China’s renminbi fell to its lowest level this year on Friday after US president Donald Trump’s surprise move to impose additional tariffs on imports of Chinese goods escalated trade tensions between the two nations.

The onshore renminbi, which trades 2 per cent in either direction of a daily midpoint set by the Chinese central bank, weakened 0.7 per cent to Rmb6.9420 against the dollar, its weakest level since November. 

The offshore renminbi, which trades in overseas markets and moves more freely, fell 0.2 per cent to Rmb6.9677, having already dropped 0.7 per cent overnight on the news.

The losses, which echoed the slide in Chinese equities, came after Mr Trump announced plans to put a 10 per cent tariff on an additional $300bn worth of exports from the world’s second-largest economy in the latest twist in a long-running trade dispute between the two countries. The levy, due to take effect on September 1, would come on top of the 25 per cent tariffs that already apply to $250bn of Chinese goods.

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Analysts said the lack of progress on trade would weigh on the renminbi, with speculation turning to whether it could break through the psychological seven to the dollar mark in the near future — a widely recognised level that the central bank has staunchly defended during periods of weakness last year and in 2016.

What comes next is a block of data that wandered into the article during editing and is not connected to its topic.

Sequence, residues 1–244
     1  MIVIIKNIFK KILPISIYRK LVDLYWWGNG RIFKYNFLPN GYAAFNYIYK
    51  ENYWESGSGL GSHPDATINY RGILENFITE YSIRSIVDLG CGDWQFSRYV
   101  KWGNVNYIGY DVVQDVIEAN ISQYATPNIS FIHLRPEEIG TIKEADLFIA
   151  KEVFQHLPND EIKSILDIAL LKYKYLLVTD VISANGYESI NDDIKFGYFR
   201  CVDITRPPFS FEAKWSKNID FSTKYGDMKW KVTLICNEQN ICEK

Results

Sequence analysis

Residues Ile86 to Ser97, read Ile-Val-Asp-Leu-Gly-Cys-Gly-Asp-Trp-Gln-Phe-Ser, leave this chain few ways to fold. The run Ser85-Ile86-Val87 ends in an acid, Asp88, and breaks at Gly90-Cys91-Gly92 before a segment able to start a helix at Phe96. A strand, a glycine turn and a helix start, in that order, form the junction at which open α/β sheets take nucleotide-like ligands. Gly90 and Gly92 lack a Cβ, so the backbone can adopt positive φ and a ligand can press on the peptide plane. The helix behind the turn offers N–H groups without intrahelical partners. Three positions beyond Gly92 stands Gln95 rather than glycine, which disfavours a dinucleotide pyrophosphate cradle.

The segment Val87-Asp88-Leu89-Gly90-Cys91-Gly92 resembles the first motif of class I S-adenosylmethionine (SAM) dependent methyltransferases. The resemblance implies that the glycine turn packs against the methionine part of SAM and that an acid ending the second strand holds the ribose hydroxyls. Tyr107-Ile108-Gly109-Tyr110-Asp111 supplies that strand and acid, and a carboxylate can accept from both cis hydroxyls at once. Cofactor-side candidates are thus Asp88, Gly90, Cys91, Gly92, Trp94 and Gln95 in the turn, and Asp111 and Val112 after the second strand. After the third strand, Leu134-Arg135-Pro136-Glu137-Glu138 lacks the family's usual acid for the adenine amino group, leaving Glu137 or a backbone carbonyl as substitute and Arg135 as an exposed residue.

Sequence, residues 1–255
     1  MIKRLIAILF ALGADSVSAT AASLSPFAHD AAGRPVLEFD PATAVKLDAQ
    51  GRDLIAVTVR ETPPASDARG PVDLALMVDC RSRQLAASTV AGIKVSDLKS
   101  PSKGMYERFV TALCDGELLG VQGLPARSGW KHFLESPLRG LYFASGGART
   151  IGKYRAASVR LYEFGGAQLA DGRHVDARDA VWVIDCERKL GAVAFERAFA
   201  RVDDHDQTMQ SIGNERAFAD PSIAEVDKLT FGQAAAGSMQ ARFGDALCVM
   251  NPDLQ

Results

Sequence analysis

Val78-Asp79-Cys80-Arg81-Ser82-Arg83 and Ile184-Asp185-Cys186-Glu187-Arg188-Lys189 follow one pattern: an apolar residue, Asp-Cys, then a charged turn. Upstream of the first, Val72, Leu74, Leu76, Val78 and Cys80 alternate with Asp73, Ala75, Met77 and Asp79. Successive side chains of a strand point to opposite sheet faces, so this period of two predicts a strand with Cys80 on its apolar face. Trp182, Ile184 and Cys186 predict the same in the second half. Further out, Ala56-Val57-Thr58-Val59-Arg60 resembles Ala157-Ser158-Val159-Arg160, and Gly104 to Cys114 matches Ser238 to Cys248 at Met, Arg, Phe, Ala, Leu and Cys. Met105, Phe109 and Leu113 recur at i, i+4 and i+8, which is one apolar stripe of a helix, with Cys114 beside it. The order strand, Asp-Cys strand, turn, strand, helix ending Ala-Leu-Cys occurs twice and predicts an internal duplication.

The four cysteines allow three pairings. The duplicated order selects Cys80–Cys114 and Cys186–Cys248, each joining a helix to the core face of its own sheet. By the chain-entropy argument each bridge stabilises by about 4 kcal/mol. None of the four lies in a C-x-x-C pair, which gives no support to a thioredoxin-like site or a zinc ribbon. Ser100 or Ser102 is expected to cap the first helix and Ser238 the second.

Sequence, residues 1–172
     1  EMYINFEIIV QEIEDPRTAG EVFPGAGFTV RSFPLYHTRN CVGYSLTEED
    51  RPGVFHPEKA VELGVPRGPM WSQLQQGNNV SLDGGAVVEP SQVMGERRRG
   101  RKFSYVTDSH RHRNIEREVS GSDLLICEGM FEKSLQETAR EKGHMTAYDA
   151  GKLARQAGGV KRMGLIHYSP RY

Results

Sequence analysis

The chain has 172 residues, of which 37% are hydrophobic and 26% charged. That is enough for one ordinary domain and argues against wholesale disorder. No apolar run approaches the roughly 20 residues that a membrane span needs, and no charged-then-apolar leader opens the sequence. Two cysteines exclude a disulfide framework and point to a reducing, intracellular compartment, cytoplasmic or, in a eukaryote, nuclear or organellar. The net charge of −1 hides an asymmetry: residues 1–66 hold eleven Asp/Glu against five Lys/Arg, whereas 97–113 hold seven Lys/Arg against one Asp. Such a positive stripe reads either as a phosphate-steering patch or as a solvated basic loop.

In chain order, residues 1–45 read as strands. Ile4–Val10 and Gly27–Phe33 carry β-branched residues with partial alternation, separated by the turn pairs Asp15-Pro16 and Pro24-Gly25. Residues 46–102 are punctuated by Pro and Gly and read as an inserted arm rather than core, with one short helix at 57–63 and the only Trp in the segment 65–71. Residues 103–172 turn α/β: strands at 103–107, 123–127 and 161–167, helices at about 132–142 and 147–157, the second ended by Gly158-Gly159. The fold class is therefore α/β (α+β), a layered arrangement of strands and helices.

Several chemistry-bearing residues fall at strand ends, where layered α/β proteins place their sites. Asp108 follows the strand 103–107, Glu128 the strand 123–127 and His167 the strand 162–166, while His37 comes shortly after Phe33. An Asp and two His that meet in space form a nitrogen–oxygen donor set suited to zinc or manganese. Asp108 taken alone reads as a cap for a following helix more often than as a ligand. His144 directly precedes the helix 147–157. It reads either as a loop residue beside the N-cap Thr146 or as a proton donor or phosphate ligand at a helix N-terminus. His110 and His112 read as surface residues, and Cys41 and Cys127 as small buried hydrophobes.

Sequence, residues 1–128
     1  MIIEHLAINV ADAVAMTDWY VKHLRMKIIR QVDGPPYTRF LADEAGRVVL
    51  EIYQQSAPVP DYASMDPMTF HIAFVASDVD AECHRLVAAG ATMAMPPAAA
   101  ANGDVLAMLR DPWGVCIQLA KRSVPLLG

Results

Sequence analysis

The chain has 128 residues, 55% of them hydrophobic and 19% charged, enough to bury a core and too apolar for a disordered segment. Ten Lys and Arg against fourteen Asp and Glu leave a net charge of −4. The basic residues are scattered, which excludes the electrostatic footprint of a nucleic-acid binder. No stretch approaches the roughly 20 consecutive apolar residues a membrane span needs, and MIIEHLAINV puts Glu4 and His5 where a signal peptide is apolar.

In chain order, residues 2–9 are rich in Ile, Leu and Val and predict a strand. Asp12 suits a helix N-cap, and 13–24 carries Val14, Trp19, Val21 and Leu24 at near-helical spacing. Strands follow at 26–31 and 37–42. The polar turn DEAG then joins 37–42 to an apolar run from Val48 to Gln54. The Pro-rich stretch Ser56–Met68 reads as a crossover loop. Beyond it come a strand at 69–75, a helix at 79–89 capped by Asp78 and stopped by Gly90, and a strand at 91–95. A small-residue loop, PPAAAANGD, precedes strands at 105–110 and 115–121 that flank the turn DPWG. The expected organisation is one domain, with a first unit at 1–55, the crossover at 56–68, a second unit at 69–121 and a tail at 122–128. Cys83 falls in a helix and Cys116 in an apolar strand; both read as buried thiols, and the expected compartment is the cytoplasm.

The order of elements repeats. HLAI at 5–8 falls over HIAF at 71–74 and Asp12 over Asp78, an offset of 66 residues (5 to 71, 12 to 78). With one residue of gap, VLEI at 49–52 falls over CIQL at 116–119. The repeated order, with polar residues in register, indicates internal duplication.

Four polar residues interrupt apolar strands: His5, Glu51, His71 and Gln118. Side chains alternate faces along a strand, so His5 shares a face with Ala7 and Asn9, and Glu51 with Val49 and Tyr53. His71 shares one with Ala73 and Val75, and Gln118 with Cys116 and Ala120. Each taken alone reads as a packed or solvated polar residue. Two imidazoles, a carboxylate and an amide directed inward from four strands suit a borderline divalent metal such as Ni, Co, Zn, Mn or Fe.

“[The] renminbi is again under pressure to weaken against the backdrop of risk-off sentiment, and [the] dollar-renminbi [exchange rate] is probably testing the 7.00 handle today or in the coming days,” said Hao Zhou, senior economist at Commerzbank.

He said the new tariffs were “like a slap in China’s face as Chinese local media expressed positive tones after the Shanghai talks” on trade earlier this week.

“The deteriorating China growth outlook amid the full-blown trade war [suggests] that the Chinese government would be tempted to allow further renminbi depreciation to support the growth,” said Ken Cheung, Asian foreign exchange strategist at Mizuho.


But rather than allowing the renminbi to move above the seven level immediately, “the People’s Bank of China might use the [daily rate fixing] to guide a more gradual renminbi depreciation towards [the] seven handle”, Mr Cheung added.

“The PBoC has stressed that seven is just a number, so in a scenario of broad USD strength the bank is unlikely to resist the move . . . but in the interest of market stability the PBoC is likely to at least try to make sure the move up is orderly,” said Rodrigo Catril, senior foreign exchange strategist for National Australia Bank. “So a move up [to] seven looks likely over the coming months, but not imminently.”

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